In an Andy Rooney-esque indictment of hanging out with your friends on the Internet, Bloomberg News columnist Caroline Baum today opined that, “Twitter makes us lazy, Facebook makes us fat.” While admitting that tweeting was kind of fun, Baum wonders if new technologies are productivity-enhancing or just a waste of time. She also points out that she hates on Facebook and Twitter because she thinks social media is lame as a whole, and not because she recently started browsing Reddit and thinking she knew enough to make sweeping generalizations about the users of other sites.
THURSDAY JAN. 3
If you left the house or talked to anyone in the past three weeks, you already know that everyone (and probably you) has the flu and feels like they probably will until April or so. The Centers for Disease Control and Prevention today said that it fears the spread of the illness is accelerating and has not peaked yet. The agency provides graphics and visualizations depicting flu activity and its spread so that it will be possible for survivors to relocate to whichever corner of the country is least contaminated after it’s all said and done. Although getting flu shots apparently don’t keep people from getting the flu, it is advisable to get one anyway so that your health practitioners don’t have to give the condescending lecture about how not getting one is like not wearing a seatbelt and means that you are stupid.
FRIDAY JAN. 4
What’s more important than addressing the rapid decay of America’s educational system, which will eventually result in our nation’s demise? If you guessed “putting God and Jesus into the curriculum” you are correct, according to Sen.
Dennis Kruse of Auburn, Ind. The Republican senator wants each school day to begin with recitation of the “Lord’s Prayer.” He has filed legislation that would make it OK for school districts to require students to recite the prayer but would grant exemptions. It remains to be seen if there will be different exempting categories for people who believe in a barbaric and inferior deity or, even worse, none at all.
SATURDAY JAN. 5
According to The Jerusalem Post, a subsidiary of Israel’s IDE Technologies Ltd., an industrial “water solutions” company, will soon begin work on a $922 million plan to design a seawater desalination plant in San Diego. The plan, called the Carlsbad Desalination Project, aims to provide the region with 7 percent of its water from seawater. Afterward, the technology firm will come to Cincinnati to help reduce the level of local football fans’ saltiness after last Sunday’s loss in Houston ensured that the Bengals streak of days since their last playoff win will reach more than 5,000 before they have a chance to get your hopes up for nothing again next season.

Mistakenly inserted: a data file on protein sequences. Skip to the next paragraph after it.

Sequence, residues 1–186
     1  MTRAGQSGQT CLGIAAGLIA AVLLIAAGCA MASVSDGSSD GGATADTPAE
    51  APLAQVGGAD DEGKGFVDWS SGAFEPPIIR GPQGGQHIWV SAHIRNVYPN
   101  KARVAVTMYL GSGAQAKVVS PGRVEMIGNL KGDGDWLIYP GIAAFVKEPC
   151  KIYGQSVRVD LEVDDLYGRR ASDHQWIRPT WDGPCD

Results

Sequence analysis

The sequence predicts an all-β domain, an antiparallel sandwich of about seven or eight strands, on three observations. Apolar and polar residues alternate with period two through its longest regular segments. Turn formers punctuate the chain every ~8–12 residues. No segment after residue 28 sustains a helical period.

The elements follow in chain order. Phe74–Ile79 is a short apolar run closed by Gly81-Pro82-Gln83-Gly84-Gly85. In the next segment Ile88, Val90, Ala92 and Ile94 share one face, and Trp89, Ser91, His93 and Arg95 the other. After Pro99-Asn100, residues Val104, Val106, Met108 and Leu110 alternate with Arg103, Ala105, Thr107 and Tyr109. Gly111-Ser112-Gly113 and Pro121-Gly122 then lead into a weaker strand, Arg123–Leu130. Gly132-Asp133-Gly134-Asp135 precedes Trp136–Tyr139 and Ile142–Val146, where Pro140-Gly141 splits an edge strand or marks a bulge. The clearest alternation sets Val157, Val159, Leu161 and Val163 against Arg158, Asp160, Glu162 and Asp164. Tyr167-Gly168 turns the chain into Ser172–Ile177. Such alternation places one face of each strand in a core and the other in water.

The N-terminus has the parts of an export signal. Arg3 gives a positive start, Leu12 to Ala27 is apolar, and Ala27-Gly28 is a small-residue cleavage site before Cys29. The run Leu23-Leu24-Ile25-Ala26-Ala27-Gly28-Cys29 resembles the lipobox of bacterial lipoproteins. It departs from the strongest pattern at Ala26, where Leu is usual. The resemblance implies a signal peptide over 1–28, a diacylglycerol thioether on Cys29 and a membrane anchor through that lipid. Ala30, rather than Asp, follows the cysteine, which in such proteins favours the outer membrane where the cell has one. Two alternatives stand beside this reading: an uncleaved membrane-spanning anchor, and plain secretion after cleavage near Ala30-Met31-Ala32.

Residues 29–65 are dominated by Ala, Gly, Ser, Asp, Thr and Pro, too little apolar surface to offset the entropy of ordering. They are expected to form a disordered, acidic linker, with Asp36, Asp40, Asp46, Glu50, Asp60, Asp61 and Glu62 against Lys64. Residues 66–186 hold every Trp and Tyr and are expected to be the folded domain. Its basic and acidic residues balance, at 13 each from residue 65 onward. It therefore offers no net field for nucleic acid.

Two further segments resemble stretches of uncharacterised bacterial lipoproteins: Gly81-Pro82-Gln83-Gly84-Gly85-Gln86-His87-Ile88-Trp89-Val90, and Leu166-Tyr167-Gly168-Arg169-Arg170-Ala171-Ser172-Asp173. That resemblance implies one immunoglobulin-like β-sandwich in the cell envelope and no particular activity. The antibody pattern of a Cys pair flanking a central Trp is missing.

SUNDAY JAN. 6
A British teen who ordered a “Gladiator box meal” at KFC was none too pleased to find a brain in his chicken, according to The London Sun. After uploading to Facebook a photo of the unappetizing organ he took a bite of, KFC reportedly contacted the man to offer him some free meal coupons. The company also sought to placate the customer by suggesting whatever he took a photo of on his tray was a kidney and not a brain, because eating kidneys is so much less gross than eating a brain. The company also explained that the “Gladiator box” he received was crafted to resemble what would be on the dirt of the Coliseum after the fighters and wild animals got done fighting to the death.
MONDAY JAN. 7
Arnold Schwarzenegger today told The New York Times Book Review that he is interested in playing the guy our city was named after in a movie. The Governator said he would love to play Roman hero Cincinnatus because “he was given the keys to the kingdom — pure, absolute power! — and he did the job and then went back to his farm.” Before agreeing to be in a film about Cincinnatus, Schwarzenegger plans to make sure the ancient leader’s stances on immigration and gay marriage were as backward as his are.
TUESDAY JAN. 8
Netflix and Time Warner have reached a deal to offer Netflix customers a few new viewing options. Several series produced by Warner Bros will now be available for streaming. Other changes coming to Netflix include a foolproof idea to sneak one by their customers. The plan is to lie and say they have 594 new episodes of National Geographic’s Alaska State Troopers because no one can tell one episode from the other since all the cops on that show do is explain how far away their nearest backup is and how the person they are going to try to arrest has high-powered weapons which could create a volatile situation.
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